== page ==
In the anonymous epic poem, Beowulf, Beowulf comes to King Hrothgar's aid. After he arrives he says:
Hrothgar can hunt, here in my heart,
For some way to drive this devil [Grendel] out--
If anything will ever end the evils
Afflicting your wise and famous lord.
By the time Beowulf arrives to help, Grendel has been killing Hrothgar's men for twelve years. The mead hall is nearly ruined. In the end, Beowulf's method of helping is to kill Grendel himself.
Of course, being an epic poem, the narrative goes deeper than that. Grendel lives "...down/In the darkness,..." He makes "...his home in a hell/Not hell but earth. He was spawned in that slime,/Conceived by a pair of those monsters born/Of Cain, murderous creatures banished/By God, punished forever for the crime/Of Abel's death."
Grendel is evil, Beowulf is good. And good must triumph.
Interestingly, the poet juxtaposes this material about Grendel's evil home and ancestry with descriptions of music, rejoicing, song, etc., in the mead hall. It appears that the speaker is associating musical celebration with the monster's reason for stirring and his eventual attacks. If so, Beowulf's victory might also be seen as a victory for art.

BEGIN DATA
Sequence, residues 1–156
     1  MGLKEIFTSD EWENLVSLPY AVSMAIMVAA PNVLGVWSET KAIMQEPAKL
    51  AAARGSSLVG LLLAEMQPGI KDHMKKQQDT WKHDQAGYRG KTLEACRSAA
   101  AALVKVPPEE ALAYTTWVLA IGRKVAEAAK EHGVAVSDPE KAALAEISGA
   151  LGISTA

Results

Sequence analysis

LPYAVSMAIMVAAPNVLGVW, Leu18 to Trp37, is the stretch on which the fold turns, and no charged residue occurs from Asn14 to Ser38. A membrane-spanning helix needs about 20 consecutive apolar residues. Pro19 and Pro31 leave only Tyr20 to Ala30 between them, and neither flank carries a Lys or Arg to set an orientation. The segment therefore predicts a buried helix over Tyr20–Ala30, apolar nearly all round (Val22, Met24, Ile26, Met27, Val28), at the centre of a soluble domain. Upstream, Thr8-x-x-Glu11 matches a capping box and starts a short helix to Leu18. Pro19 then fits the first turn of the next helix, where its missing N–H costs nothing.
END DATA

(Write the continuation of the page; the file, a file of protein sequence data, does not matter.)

In the epic poem Beowulf Grendel has been killing Hrothgar's people and terrorizing the King. Beowulf is told by the Geats of the tale of Grendel and that he is a strong monster. Beowulf is a larger than life man who has it in his destiny to fight the unexpected foes. In order to be the epic hero that he is, he must go i quest of formidable foes.
Beowulf gathers his men and they go by boat to where Hrothgar lives. He learns of the terrible things that have happened to the people. He vows that he will bring Grendel down and he is offered a reward for killing Grendel. However, for Beowulf it is more about the challenge than a reward.